January 18, 2012

Manifold Learning for Human Population Structure Studies (Siu et al. 2012)

Software implementing this should be available here.

PLoS ONE 7(1): e29901. doi:10.1371/journal.pone.0029901

Manifold Learning for Human Population Structure Studies

Hoicheong Siu et al.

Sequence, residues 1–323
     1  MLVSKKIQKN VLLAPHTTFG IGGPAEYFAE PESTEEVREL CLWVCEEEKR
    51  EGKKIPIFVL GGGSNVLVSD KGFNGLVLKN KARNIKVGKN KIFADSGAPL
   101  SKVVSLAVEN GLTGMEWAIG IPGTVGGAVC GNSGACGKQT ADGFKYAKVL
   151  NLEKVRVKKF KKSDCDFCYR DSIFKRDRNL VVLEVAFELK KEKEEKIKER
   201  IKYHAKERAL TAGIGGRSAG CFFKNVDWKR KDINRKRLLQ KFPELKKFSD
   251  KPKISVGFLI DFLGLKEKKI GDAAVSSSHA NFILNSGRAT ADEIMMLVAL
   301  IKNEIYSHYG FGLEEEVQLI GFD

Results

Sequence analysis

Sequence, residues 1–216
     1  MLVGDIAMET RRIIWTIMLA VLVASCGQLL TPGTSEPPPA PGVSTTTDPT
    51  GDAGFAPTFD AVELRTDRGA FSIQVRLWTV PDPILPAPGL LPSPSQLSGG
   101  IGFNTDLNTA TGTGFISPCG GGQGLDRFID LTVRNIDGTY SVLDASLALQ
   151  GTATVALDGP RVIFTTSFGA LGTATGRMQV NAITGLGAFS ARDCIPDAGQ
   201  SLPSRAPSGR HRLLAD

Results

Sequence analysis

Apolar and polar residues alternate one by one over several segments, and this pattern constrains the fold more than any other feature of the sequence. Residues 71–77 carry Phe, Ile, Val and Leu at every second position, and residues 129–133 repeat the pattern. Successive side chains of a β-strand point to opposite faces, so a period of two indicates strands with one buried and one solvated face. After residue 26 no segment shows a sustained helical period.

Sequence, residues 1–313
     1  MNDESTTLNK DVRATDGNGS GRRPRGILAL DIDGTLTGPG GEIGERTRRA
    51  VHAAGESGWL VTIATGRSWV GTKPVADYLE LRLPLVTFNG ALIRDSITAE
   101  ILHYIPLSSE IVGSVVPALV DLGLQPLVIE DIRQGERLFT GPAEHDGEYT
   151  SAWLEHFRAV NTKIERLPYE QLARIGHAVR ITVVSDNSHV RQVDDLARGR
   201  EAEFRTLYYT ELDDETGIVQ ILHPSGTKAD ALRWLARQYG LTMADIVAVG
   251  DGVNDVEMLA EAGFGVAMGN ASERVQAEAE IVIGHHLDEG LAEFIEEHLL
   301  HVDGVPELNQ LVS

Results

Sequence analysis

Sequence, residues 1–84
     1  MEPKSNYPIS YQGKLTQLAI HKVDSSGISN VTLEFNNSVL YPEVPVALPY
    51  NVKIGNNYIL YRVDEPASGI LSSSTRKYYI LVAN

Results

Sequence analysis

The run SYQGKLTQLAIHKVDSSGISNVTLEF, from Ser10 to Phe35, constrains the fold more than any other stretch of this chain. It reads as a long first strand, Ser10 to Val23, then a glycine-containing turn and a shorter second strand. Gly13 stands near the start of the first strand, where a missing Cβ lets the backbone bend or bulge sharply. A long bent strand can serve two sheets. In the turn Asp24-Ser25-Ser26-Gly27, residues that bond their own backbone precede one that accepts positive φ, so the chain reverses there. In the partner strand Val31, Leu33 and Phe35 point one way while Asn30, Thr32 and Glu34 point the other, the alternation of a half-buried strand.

The dimension of the population genetics data produced by next-generation sequencing platforms is extremely high. However, the “intrinsic dimensionality” of sequence data, which determines the structure of populations, is much lower. This motivates us to use locally linear embedding (LLE) which projects high dimensional genomic data into low dimensional, neighborhood preserving embedding, as a general framework for population structure and historical inference. To facilitate application of the LLE to population genetic analysis, we systematically investigate several important properties of the LLE and reveal the connection between the LLE and principal component analysis (PCA). Identifying a set of markers and genomic regions which could be used for population structure analysis will provide invaluable information for population genetics and association studies. In addition to identifying the LLE-correlated or PCA-correlated structure informative marker, we have developed a new statistic that integrates genomic information content in a genomic region for collectively studying its association with the population structure and LASSO algorithm to search such regions across the genomes. We applied the developed methodologies to a low coverage pilot dataset in the 1000 Genomes Project and a PHASE III Mexico dataset of the HapMap. We observed that 25.1%, 44.9% and 21.4% of the common variants and 89.2%, 92.4% and 75.1% of the rare variants were the LLE-correlated markers in CEU, YRI and ASI, respectively. This showed that rare variants, which are often private to specific populations, have much higher power to identify population substructure than common variants. The preliminary results demonstrated that next generation sequencing offers a rich resources and LLE provide a powerful tool for population structure analysis.


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